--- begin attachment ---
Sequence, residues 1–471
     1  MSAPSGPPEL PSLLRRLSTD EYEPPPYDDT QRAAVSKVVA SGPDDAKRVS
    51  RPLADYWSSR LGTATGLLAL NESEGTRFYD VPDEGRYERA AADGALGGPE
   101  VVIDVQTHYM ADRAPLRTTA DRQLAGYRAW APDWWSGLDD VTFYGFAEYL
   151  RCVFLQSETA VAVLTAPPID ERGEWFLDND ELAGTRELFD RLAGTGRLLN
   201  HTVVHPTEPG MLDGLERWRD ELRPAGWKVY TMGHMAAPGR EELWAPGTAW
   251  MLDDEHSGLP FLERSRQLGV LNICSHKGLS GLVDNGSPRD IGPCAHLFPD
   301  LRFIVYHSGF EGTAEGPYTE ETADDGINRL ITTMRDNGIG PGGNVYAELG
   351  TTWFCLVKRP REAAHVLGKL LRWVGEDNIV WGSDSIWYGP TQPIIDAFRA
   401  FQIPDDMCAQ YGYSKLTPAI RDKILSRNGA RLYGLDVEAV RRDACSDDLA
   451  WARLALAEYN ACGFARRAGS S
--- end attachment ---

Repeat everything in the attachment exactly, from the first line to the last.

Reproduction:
Sequence, residues 1–471
     1  MSAPSGPPEL PSLLRRLSTD EYEPPPYDDT QRAAVSKVVA SGPDDAKRVS
    51  RPLADYWSSR LGTATGLLAL NESEGTRFYD VPDEGRYERA AADGALGGPE
   101  VVIDVQTHYM ADRAPLRTTA DRQLAGYRAW APDWWSGLDD VTFYGFAEYL
   151  RCVFLQSETA VAVLTAPPID ERGEWFLDND ELAGTRELFD RLAGTGRLLN
   201  HTVVHPTEPG MLDGLERWRD ELRPAGWKVY TMGHMAAPGR EELWAPGTAW
   251  MLDDEHSGLP FLERSRQLGV LNICSHKGLS GLVDNGSPRD IGPCAHLFPD
   301  LRFIVYHSGF EGTAEGPYTE ETADDGINRL ITTMRDNGIG PGGNVYAELG
   351  TTWFCLVKRP REAAHVLGKL LRWVGEDNIV WGSDSIWYGP TQPIIDAFRA
   401  FQIPDDMCAQ YGYSKLTPAI RDKILSRNGA RLYGLDVEAV RRDACSDDLA
   451  WARLALAEYN ACGFARRAGS S